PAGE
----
No one wants to go to work every day dreading the amount of time they are going to spend with his or her boss. At the same time, I don’t know any sane leader who looks forward to having bad relationships with team members. So the question then becomes, why are so many relationships between team members and their leader a major part of the reason people are unhappy at work?
The answer: Most leaders have the equation wrong.
The majority of leaders believe team members are responsible for the relationship with their leader. This belief puts the ownership of worthiness, trust, ability, respect, and work ethic on the shoulders of others.
The correct equation is:
Leaders are responsible for the relationship with each individual their team member.
In this drastically different approach, leaders know they are ultimately the ones responsible for building relationships based on trust, respect, work ethic, forgiveness, and accountability. These leaders model the behaviors they want to see, communicate well with their team, and allow their team members to choose to meet or exceed standards set. This doesn’t mean the relationship isn’t a two-way street, but it means the leader takes ownership and responsibility in it.
Knowing ownership and responsibility of work relationships starts with leaders, here are 7 wise moves you can leverage to strengthen those relationships:
Remove your ego
Ryan Holiday the author of Ego is The Enemy defines ego as “An unhealthy belief in our own importance. The Need to be better than, more than, recognized for far past any reasonable utility.” If this is you, your people won’t want to follow or work hard for you. It’s that simple.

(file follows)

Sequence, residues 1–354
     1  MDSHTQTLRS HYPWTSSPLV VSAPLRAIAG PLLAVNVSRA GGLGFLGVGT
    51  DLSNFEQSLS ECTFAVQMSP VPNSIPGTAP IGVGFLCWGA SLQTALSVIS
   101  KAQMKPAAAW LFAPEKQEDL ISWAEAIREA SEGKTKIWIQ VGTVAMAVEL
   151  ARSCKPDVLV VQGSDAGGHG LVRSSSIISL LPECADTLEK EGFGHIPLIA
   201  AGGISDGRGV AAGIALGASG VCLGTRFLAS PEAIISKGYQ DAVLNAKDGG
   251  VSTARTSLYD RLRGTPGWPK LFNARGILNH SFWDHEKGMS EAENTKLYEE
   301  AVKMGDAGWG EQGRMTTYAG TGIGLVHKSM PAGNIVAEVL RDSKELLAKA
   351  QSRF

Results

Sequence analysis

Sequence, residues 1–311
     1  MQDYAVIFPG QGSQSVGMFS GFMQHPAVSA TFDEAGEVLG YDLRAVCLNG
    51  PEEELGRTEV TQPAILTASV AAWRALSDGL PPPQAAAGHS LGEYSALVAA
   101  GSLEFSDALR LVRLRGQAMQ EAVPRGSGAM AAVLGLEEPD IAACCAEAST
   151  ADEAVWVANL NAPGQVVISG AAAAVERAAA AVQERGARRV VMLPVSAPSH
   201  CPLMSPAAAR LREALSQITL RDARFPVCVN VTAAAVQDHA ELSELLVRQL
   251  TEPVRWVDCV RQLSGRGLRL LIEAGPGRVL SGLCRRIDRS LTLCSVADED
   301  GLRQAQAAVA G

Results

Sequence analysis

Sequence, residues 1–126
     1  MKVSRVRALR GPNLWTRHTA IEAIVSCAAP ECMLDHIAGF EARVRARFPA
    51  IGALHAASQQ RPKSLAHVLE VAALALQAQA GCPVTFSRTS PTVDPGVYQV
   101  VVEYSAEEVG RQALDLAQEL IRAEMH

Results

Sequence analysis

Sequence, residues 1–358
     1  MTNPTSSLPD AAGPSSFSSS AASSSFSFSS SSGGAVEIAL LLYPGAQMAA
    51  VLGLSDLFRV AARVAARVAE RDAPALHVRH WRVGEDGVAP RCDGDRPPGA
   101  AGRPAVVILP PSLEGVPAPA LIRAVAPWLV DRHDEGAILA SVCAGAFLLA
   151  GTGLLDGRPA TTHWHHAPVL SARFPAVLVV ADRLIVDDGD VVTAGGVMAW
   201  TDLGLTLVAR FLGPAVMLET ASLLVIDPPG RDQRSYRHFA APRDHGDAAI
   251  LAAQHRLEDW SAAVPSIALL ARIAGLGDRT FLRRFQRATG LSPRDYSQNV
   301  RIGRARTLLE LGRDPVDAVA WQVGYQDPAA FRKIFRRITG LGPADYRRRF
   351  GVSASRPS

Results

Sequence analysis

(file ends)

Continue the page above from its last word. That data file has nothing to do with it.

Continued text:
Cy Wakeman the author of No Ego said, “Ego puts a filter on the world that corrupts your relationship with reality.” If you can remove ego from the equation, you’ll remove barriers in your relationships with your team.
Focus on trust with each team member
When I ask, “Who is responsible for the bond of mutual trust between leader and team members?” in our Building the Best Leadership workshops, the overwhelming answer is “team members.”While I appreciate their courage to answer, they’re wrong.
Trust is built between the leader and team member by the actions and behavior of the leader, not the other way around. General Robert Calsen said on the Follow My Lead Podcast, “Trust is a built over time and it’s a byproduct of your competence and character.”
Focus on showing your people you are competent and you have high character and trust will blossom.
Be a good coach
One of the most important skills any leader can improve is their ability to coach people for growth. Unfortunately, most leaders don’t think of themselves as a coach but as a boss.
Michael Bungay Stanier says any leader could be a better coach just by, “staying curious a little bit longer and rushing to advice-giving a little bit slower.” While this is simple in theory it’s difficult in practice.
Start by getting in the habit of asking your people one of three questions when interacting: